Chapter 30 Summary

At the end of the evening, Robert Jordan gives his mind to reflection of his situation. Andres had been sent off three hours previously with the dispatch. Everyone else knows what his job is the next morning. Either the attack will happen or it will not. Robert Jordan knows that Golz is not in a position to call off the attack by his own authority. That power resides in Madrid. Someone will have to be sent there with the dispatch so they can make the decision by morning.

Robert Jordan’s mind goes back and forth between possibilities. He worries that the planes were just a decoy, that the main attack would be further south. The troops from Italy were supposed to be landing, but there will not be enough for a two-front offensive. In the midst of his worry, Robert Jordan thinks of all the times that miracles have happened and things have gone the way of the Republicans. He realizes that he must give up worrying because the choice is not his to make. All he has to do is to follow orders. He must not give in to worry or fear.

The thought of fear makes him think again of the heads the Fascists carried down from the hilltop following their attack on El Sordo’s post. He thinks that, despite the presence of fear, he has done well, at least for a Spanish professor from Montana. He thinks of another leader, Duran, who was a composer with no military training. He has been reading about war since his childhood. His grandfather had fought in the American Civil War and had interested young Robert in the military. He thinks about meeting Duran at the restaurant Gaylord’s after the war. Then he almost resigns himself to the idea that, for him, there will not be an end to war.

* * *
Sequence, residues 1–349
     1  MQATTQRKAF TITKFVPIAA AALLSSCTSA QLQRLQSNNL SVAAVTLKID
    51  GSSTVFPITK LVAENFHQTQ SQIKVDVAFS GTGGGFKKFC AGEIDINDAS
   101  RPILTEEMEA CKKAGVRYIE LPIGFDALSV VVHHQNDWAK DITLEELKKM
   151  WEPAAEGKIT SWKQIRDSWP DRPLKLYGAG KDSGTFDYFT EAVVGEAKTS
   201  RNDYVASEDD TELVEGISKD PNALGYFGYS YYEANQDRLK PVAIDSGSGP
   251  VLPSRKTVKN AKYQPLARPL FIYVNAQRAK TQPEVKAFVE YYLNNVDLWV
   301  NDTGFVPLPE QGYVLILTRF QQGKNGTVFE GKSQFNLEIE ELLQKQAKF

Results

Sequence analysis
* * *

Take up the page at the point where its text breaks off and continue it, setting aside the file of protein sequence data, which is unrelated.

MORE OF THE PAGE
He pushes this thought aside and thinks about the Indians that his grandfather killed. This is no different from that, he tells himself. He thinks of the saber and the pistol that belonged to his grandfather. His father had used the pistol to end his own life. After the funeral, the pistol was returned to him, but he threw it into a lake. He kept the saber, however. His grandfather did not like to talk about his experiences killing people. Robert Jordan wishes that there had not been such a time difference separating them because he would like to talk to him about his current experiences.

Robert Jordan resigns himself to the fact that he does not want to be a soldier. He understands and forgives his father for committing suicide, yet he thinks he is a coward and is ashamed of him. He settles in his mind that he will have to blow up the bridge the next day. There is no escaping it; it is his destiny.